12 Earthquakes Rock Guimaras & Panay. That’s according to the Philippine Institute of Volcanology and Seismology (PHIVOLCS). As a result, the multiple tremors triggered the evacuation of schools, malls, and other business establishments.
Guimaras: Whole Lotta of Shakin’ Goin’ On
So I was sitting at home yesterday morning, Monday, October 5, 2018, around 10:54 am. Almost ready to shut off the computer. Suddenly one of the earthquakes hit! While it was only a 4.8, the tremor still alarmed me. It was located near Leon, Iloilo, Panay Island.
First of all, the tremor that I felt only lasted for a few seconds. It rattled the windows of our house and shook the headquarters of PhilippinesPlus where this website originates.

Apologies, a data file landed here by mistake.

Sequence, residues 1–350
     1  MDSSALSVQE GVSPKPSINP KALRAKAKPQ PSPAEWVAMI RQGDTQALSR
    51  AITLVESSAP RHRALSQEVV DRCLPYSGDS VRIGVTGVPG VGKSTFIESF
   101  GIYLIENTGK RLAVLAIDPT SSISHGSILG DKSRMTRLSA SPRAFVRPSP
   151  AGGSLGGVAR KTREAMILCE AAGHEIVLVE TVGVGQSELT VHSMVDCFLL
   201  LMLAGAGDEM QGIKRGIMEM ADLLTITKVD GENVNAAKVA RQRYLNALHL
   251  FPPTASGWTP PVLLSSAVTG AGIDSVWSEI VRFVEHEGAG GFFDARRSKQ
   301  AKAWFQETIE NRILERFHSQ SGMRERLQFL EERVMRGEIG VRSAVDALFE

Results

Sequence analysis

However, the Inquirer.net reported that a 4.0 magnitude earthquake with epicenter at Sibunag, Guimaras happened earlier at 7:46 a.m.
The Daily Guardian reported that PHIVOLCS recorded the 12 earthquakes between 7:54 a.m. and 3 p.m. Monday.
According to Jaypee Kein Entredicho, Guimaras Public Information Officer, buildings were “slightly tilting” and the old sugar bulk structure at the pier of Jordan was shaking.
Earthquakes were Tectonic in Nature
All 12 earthquakes that hammered Guimaras and Panay Island were of tectonic origin.
Geological forces on rocks and the adjoining plates of the Earth’s crust cause tectonic earthquakes.
Getsetflyscience.com explains a tectonic earthquake as such:
- An earthquake shakes the bottom caused by the sharp breaking and movement of enormous plates referred to as tectonic plates of earth’s rocky outmost crust.
- The sides of the tectonic plates area unit are marked by faults.
- Finally, most earthquakes occur on the fault lines once the plates slide past one another or touch one another.
Check out the simplified diagram from Getsetflyscience.com below:
The tremors were felt as far as Capiz and Negros Occidental.